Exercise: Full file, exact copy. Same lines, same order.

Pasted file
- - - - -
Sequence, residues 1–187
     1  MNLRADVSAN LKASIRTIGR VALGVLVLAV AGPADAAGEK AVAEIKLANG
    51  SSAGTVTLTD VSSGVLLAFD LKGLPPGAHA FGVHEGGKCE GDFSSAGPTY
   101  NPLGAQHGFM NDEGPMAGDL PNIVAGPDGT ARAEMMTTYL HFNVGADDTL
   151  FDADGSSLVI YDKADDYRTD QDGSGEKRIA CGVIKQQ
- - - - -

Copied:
Sequence, residues 1–187
     1  MNLRADVSAN LKASIRTIGR VALGVLVLAV AGPADAAGEK AVAEIKLANG
    51  SSAGTVTLTD VSSGVLLAFD LKGLPPGAHA FGVHEGGKCE GDFSSAGPTY
   101  NPLGAQHGFM NDEGPMAGDL PNIVAGPDGT ARAEMMTTYL HFNVGADDTL
   151  FDADGSSLVI YDKADDYRTD QDGSGEKRIA CGVIKQQ